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Firework Safety Tips and Hints for Your 4th of July

The Fourth of July is just a few short weeks away and, if you are like most other Americans, you are already starting to think about how you are going to celebrate it: barbeques, friends, and fireworks. Indeed, no holiday is more synonymous with America than Independence Day, and nothing embodies our passion for our freedom more than a great firework display. For as fun, exciting, and beautiful as fireworks may be, they can be even more dangerous if they are not handled appropriately. If you are planning on attending a firework show or perhaps will set some off on your own property, keep these safety tips in mind to help prevent accidents, injury, and property damage.

  1. Fight fire with water: If there is no ample source of water nearby, the firework show must not go on. Ideally, if you are near a home, you will have a water hose at the ready with someone assigned to using it. Spray down each firework after it goes off, or if it is a dud. For handheld sparklers, drop them into buckets of water when finished.
  2. Level the playing field: No fireworks of any kind should be lit if they are not on a completely level surface. Even a small slope can send a fireball arcing unpredictably and lead to a dangerous blaze. Declined surfaces can also cause a firework to tip over in mid-launch. Also ensure at least 20 square feet around the firework is barren dirt, concrete, or sand – nothing flammable can be close by.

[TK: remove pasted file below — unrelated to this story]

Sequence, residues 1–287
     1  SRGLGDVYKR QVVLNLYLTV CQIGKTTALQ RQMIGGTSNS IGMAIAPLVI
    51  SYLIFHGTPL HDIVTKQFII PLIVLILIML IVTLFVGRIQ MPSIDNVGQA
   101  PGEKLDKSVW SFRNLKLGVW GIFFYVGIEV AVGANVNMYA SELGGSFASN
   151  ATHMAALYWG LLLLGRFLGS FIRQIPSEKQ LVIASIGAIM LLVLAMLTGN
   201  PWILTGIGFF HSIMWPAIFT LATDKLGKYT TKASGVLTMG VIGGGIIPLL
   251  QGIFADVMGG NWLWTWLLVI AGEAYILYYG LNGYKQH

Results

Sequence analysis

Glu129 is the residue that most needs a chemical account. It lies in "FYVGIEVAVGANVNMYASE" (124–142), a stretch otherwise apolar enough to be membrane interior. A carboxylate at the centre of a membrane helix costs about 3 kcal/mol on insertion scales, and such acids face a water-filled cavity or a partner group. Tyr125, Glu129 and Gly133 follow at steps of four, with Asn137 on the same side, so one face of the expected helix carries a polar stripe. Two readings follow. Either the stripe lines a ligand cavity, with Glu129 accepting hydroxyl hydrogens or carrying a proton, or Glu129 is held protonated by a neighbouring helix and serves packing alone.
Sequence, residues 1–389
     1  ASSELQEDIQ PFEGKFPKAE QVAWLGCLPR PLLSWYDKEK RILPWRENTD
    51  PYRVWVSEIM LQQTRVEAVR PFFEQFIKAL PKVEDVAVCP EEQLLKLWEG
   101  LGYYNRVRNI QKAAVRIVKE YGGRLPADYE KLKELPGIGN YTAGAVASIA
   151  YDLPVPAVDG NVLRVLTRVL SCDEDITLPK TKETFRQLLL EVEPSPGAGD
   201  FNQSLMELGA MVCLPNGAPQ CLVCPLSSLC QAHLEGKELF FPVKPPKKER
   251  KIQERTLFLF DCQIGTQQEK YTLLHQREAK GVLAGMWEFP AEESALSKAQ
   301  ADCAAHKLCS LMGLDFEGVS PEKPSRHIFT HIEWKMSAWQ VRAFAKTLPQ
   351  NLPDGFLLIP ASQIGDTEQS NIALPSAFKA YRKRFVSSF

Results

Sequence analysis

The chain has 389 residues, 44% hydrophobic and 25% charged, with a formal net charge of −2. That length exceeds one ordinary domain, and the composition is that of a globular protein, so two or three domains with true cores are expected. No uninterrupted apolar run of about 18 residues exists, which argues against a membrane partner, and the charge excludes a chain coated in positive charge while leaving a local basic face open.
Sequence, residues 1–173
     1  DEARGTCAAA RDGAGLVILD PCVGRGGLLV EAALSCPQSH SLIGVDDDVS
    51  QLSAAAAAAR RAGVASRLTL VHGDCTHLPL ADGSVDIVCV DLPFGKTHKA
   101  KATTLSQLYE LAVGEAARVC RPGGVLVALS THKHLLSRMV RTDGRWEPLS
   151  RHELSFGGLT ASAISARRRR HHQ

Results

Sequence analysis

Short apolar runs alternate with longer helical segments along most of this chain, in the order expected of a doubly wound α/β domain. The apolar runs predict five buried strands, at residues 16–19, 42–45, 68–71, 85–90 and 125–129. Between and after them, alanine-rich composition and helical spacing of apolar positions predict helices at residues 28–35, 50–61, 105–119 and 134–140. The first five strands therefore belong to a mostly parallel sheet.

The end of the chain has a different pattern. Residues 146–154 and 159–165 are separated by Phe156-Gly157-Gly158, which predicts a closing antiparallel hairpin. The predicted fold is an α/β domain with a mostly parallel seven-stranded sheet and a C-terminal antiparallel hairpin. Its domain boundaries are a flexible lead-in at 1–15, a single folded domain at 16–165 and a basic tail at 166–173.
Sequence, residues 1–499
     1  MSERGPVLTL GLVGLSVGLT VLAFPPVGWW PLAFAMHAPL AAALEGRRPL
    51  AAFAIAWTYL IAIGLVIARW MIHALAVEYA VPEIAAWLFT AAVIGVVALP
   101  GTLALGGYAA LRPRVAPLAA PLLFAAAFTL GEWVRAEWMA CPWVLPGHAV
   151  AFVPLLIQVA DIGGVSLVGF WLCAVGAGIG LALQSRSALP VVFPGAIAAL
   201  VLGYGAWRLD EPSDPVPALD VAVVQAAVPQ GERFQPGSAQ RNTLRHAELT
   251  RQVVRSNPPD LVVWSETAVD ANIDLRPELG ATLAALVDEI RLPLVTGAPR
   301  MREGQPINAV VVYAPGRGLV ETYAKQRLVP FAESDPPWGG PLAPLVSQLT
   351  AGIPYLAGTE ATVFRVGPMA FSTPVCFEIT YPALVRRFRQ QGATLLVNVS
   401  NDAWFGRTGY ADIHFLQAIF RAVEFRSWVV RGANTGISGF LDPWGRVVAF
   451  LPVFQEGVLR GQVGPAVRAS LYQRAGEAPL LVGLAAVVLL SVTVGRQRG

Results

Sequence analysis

3. Stand back: Small fireworks can be unexpectedly dangerous if you are near. Please stay about 30 feet away from even small devices. Larger fireworks demand even more space, so you should be 100 feet or more away. When lighting a firework, do not keep any part of your body directly above it; outstretch your arm and use a lighter with good reach. If a lengthy fuse is an option, use it.

Note: Most fireworks are illegal in Florida. To avoid legal trouble, you should not purchase fireworks from an unlicensed vendor or light any firework that is illegal, no matter where you purchased it. If you have questions about what fireworks you will be permitted to use on your property, call your local sheriff’s department, or the department of parks and recreation.

Speaking of trouble, if you are hurt by a firework and you believe you are not responsible for it, you could have a personal injury case on your hands. Contact Lauri J. Goldstein & Assocaites, PLLC today by calling 866-675-4427. Our Stuart personal injury lawyers have won millions for our clients across Florida and would be happy to start your case with a free initial consultation!